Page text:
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“Munch was certainly aware that he was developing myths about himself,” says Lars Toft-Eriksen.

Edvard Munch created myths about himself

Norwegian art historian believes it is time to be more sceptical about the creation of the myth about artists in general, and Munch in particular.

Bohemian and rebellious, lonely and full of anxiety. Partying in the art cafés of Christiania and the bars of Paris and Berlin. Groundbreaking and misunderstood, but celebrated by posterity. This is probably how you are used to thinking about Norway's most famous artist ever: Edvard Munch, the painter and graphic artist.

But why?

“It's hard to say much about Munch as a human being. He is pretty inaccessible behind the biographical concept that we have of him,” says Lars Toft-Eriksen.

Toft-Eriksen has examined how the myth about Munch as an artistic genius has been strengthened and created through the biographies about him. This has resulted in his doctoral thesis entitled Based on a True Story: Rereading Rolf Stenersen’s Image of Edvard Munch and the Myth of Genius. The art historian believes that it is time to be more sceptical about the creation of the myth about artists in general, and Munch in particular.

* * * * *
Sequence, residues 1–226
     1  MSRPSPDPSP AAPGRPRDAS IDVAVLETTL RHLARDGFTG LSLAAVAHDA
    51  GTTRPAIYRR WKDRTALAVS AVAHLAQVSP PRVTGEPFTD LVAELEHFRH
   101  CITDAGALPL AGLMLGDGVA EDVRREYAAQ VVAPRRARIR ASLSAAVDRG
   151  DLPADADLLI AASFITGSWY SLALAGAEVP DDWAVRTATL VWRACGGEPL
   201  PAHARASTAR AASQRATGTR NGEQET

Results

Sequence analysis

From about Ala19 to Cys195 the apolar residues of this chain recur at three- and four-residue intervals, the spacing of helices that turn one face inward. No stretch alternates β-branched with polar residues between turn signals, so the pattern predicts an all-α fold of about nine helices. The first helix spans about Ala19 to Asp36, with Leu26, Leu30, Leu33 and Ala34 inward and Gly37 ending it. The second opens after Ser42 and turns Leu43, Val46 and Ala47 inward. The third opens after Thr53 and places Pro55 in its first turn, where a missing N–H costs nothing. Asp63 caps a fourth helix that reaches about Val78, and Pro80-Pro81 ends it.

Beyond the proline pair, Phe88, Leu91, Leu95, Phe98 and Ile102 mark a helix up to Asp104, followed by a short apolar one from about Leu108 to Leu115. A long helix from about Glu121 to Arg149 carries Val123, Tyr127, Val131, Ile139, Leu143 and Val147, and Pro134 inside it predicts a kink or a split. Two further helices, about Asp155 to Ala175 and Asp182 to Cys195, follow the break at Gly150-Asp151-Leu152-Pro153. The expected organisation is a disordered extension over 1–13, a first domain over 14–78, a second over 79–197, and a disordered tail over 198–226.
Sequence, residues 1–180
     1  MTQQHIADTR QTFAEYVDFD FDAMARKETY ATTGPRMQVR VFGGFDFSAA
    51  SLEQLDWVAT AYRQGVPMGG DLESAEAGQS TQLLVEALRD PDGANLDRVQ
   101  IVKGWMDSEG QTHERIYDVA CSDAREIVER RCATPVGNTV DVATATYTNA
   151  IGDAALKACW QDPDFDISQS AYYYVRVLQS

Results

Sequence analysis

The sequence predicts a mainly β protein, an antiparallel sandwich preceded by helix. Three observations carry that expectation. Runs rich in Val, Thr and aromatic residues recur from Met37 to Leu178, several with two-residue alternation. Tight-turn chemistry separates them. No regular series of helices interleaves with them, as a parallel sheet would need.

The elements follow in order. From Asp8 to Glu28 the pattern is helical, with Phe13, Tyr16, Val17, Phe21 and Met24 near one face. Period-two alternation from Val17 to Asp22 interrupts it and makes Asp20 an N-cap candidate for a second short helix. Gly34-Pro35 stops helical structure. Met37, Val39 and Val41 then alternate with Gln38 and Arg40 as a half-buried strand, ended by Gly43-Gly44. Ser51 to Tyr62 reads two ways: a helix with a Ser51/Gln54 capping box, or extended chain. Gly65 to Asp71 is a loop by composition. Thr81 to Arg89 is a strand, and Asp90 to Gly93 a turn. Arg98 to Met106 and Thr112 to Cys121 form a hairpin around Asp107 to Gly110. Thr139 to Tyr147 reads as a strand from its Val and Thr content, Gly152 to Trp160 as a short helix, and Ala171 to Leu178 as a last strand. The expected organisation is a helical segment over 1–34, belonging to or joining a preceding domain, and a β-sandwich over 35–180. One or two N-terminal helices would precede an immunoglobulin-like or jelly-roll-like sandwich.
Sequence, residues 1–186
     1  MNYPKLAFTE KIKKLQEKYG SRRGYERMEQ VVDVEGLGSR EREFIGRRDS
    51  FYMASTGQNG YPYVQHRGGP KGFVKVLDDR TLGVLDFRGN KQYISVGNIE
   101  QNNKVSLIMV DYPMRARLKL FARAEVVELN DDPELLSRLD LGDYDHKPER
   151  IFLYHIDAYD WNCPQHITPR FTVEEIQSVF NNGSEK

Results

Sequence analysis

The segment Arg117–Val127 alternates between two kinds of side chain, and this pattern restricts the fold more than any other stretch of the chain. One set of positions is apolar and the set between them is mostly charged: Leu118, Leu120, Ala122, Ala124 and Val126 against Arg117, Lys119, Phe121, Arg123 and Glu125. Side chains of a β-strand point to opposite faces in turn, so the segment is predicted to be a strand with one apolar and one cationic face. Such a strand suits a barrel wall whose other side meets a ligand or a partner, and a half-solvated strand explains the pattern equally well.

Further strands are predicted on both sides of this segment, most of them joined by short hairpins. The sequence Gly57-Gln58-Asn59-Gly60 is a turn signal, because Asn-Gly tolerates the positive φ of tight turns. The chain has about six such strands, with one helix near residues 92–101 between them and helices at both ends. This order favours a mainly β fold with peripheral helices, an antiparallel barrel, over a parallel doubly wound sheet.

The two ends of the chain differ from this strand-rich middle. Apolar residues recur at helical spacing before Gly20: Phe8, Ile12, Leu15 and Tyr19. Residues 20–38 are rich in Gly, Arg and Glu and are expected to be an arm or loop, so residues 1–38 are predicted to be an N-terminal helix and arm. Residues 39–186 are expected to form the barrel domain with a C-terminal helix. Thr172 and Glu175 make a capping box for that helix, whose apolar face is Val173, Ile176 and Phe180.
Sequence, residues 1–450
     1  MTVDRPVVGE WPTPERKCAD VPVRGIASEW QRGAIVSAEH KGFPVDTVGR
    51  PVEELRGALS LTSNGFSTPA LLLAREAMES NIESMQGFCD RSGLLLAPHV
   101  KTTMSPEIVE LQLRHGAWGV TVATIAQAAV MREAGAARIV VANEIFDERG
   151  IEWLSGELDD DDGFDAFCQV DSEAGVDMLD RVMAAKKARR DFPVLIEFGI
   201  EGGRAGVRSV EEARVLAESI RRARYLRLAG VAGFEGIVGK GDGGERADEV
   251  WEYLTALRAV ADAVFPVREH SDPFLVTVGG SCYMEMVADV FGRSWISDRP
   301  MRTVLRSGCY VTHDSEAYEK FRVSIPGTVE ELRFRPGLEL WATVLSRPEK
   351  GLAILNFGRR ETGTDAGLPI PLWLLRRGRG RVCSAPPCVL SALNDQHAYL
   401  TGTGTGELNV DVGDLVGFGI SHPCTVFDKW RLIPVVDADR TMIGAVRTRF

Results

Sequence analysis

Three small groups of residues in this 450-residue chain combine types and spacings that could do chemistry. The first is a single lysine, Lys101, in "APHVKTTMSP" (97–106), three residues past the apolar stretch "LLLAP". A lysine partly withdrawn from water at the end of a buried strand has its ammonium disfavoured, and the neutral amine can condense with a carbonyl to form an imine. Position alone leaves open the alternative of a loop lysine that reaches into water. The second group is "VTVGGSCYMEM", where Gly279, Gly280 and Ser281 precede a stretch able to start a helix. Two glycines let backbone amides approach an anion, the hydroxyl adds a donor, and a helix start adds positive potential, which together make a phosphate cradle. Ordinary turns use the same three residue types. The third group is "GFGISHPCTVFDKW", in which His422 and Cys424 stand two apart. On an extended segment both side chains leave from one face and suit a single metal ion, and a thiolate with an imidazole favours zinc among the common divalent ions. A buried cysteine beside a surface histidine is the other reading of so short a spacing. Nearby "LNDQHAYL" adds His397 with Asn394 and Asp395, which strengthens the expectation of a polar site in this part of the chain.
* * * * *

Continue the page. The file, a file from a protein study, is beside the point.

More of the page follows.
“The myth about Munch actually holds up, despite 40-50 years of criticism and falsification,” he says.

The man behind the myth is not important

Lars Toft-Eriksen works as a curator at the Munch Museum, where the public are keen to hear stories about Munch.

“I don't think they are necessarily that concerned about Munch as such, but they are looking for something more fundamental, which Munch becomes an example of. They want to be told that the artist is a hero,” he says.

In 1944, the same year that Munch died, the art collector and author Rolf E. Stenersen published his biography entitled Edvard Munch: Close-up of a Genius. According to Toft-Eriksen, there are many biographies about Munch, but this one is still the most important one for how we perceive Munch. New editions keep coming, and it has been translated into a number of languages, most recently Mandarin.

“Stenersen creates a picture of someone who is an original, an eccentric – someone special. He paints a psychological picture, but also describes rivalry with other artists, reinforcing the image of Munch breaking and creating something new.”